Large Plastic Deformation in High‐Capacity Lithium‐Ion Batteries Caused by Charge and Discharge
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Evidence has accumulated recently that a high-capacity electrode of a lithium-ion battery may not recover its initial shape after a cycle of charge and discharge. Such a plastic behavior is studied here by formulating a theory that couples large amounts of lithiation and deformation. The homogeneous lithiation and deformation in a small element of an electrode under stresses is analyzed within nonequilibrium thermodynamics, permitting a discussion of equilibrium with respect to some processes, but not others. The element is assumed to undergo plastic deformation when the stresses reach a yield condition. The theory is combined with a diffusion equation to analyze a spherical particle of an electrode being charged and discharged at a constant rate. When the charging rate is low, the distribution of lithium in the particle is nearly homogeneous, the stress in the particle is low, and no plastic deformation occurs. When the charging rate is high, the distribution of lithium in the particle is inhomogeneous, and the stress in the particle is high, possibly leading to fracture and cavitation. © 2011 The American Ceramic Society.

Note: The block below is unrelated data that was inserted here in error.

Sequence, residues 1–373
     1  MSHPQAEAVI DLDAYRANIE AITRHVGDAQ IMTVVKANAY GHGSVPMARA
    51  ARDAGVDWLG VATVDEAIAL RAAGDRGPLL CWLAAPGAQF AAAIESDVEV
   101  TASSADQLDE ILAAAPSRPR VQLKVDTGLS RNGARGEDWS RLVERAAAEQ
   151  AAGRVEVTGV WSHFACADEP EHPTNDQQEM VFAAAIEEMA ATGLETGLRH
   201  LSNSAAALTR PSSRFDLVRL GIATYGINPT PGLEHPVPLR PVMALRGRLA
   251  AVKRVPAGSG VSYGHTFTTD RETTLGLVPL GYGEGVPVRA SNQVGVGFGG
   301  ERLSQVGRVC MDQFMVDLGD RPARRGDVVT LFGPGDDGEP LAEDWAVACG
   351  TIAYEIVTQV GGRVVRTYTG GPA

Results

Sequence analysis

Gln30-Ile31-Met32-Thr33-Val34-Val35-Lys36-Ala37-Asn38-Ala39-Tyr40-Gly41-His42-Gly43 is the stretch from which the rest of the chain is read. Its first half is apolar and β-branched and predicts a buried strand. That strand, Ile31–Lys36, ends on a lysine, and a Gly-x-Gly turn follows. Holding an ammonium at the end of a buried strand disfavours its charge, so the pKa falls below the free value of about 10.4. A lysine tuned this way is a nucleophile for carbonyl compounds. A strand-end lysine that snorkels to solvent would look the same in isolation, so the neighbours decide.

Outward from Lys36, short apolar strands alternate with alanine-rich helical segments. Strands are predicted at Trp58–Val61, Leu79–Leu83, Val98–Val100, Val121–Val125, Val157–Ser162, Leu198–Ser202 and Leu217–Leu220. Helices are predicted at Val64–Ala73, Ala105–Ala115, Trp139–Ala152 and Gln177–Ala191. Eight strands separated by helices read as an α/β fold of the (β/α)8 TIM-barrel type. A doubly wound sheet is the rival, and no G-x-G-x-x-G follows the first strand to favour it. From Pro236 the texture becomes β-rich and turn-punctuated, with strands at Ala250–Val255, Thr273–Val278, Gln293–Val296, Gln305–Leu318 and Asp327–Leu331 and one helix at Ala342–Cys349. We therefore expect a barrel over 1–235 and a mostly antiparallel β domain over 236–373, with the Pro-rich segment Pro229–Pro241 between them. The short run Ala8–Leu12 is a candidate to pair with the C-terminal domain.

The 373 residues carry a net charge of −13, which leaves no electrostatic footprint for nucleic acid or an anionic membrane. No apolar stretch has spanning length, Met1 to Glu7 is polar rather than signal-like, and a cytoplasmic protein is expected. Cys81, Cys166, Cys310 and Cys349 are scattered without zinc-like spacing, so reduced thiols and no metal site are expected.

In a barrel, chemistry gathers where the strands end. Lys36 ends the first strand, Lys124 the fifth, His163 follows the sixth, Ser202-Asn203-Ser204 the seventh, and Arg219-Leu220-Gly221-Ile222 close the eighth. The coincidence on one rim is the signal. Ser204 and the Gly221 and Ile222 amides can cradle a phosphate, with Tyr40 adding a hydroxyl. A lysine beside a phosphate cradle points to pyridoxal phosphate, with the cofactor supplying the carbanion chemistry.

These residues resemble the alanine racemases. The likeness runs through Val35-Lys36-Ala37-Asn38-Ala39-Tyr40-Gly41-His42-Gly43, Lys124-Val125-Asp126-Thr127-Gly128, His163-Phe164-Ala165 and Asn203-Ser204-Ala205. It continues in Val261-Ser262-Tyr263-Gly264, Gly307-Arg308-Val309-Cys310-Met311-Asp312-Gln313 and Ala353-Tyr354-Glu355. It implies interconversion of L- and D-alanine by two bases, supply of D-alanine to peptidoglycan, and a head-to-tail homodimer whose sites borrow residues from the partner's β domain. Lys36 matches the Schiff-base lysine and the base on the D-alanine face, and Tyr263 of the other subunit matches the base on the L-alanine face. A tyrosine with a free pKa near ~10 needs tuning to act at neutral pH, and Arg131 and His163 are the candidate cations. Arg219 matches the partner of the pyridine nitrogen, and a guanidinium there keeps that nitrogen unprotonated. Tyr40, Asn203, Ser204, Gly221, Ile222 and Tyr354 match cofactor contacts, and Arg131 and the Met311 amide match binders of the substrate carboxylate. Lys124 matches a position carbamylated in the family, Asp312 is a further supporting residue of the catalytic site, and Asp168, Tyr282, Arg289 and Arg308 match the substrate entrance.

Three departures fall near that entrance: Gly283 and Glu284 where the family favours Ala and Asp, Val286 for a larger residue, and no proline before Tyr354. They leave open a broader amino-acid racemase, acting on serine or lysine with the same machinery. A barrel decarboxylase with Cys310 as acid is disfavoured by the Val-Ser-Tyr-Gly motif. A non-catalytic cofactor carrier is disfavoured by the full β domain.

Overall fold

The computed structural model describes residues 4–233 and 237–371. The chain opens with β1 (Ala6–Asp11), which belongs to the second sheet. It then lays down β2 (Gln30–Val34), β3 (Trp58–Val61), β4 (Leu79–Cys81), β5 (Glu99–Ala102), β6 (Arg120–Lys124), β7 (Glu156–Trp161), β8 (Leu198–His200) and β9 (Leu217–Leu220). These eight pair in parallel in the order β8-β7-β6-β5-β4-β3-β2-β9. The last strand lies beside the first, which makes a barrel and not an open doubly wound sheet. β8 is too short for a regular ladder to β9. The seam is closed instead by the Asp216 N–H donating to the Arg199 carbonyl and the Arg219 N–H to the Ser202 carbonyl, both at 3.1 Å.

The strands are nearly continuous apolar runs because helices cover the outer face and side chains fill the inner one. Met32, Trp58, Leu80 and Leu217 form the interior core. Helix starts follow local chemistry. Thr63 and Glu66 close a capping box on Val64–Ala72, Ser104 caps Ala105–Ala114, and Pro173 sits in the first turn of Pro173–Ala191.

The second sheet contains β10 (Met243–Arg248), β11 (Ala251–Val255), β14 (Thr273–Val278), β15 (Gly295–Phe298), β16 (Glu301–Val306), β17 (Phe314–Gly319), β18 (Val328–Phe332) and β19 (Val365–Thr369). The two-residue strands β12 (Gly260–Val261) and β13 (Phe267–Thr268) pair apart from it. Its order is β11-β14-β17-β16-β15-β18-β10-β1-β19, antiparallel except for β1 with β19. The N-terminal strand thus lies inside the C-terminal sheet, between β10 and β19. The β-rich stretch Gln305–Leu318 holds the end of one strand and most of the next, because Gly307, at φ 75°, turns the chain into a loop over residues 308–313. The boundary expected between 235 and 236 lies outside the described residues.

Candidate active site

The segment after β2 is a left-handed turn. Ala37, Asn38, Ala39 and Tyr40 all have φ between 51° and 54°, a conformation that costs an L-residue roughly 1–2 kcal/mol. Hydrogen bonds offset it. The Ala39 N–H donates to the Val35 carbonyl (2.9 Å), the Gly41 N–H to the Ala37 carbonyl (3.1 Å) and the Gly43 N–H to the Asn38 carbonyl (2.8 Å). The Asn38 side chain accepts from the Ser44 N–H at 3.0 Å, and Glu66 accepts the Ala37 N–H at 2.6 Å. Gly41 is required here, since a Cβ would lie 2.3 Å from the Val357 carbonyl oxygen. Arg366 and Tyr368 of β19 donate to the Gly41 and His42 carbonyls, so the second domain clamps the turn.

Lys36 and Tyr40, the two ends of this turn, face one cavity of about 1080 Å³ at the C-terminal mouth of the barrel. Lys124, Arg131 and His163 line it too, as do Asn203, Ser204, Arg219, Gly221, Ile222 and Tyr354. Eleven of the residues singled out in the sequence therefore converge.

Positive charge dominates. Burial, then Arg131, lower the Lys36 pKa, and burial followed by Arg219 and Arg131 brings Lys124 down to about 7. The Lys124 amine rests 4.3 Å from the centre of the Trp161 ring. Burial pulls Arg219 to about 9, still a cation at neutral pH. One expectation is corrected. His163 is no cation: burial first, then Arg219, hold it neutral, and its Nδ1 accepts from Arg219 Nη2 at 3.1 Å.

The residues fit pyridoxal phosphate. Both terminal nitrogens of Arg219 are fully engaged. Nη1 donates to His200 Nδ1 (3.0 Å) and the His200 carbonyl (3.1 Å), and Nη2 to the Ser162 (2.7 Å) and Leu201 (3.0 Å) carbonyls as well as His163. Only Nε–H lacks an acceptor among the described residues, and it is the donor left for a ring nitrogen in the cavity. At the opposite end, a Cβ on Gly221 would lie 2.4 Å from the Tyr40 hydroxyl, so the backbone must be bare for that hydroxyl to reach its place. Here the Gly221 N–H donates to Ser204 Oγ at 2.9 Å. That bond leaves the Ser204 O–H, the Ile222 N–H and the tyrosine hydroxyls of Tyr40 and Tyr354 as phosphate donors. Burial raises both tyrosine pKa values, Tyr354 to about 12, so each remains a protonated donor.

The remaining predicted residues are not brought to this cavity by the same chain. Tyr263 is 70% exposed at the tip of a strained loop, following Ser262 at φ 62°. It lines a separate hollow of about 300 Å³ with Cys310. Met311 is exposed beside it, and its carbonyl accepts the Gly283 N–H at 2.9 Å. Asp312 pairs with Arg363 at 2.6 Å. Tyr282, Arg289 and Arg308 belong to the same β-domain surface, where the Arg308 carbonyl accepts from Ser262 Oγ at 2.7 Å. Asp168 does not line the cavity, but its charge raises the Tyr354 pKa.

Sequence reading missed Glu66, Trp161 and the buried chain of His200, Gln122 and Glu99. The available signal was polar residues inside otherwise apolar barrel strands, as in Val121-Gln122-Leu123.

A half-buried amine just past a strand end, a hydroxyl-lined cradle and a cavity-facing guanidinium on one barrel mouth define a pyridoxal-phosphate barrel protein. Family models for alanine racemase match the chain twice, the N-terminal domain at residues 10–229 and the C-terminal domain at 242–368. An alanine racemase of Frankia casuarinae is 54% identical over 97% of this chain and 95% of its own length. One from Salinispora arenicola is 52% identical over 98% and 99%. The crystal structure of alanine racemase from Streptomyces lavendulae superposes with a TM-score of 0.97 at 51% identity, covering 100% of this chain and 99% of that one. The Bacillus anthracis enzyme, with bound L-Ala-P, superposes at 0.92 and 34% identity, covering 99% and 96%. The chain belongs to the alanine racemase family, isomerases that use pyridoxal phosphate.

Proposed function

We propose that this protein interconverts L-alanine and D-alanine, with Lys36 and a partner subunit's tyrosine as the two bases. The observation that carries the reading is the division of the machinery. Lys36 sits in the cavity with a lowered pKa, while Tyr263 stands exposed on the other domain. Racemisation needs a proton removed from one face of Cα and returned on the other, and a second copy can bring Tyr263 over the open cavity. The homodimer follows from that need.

author list (cited authors)
Zhao, K., Pharr, M., Cai, S., Vlassak, J. J., & Suo, Z.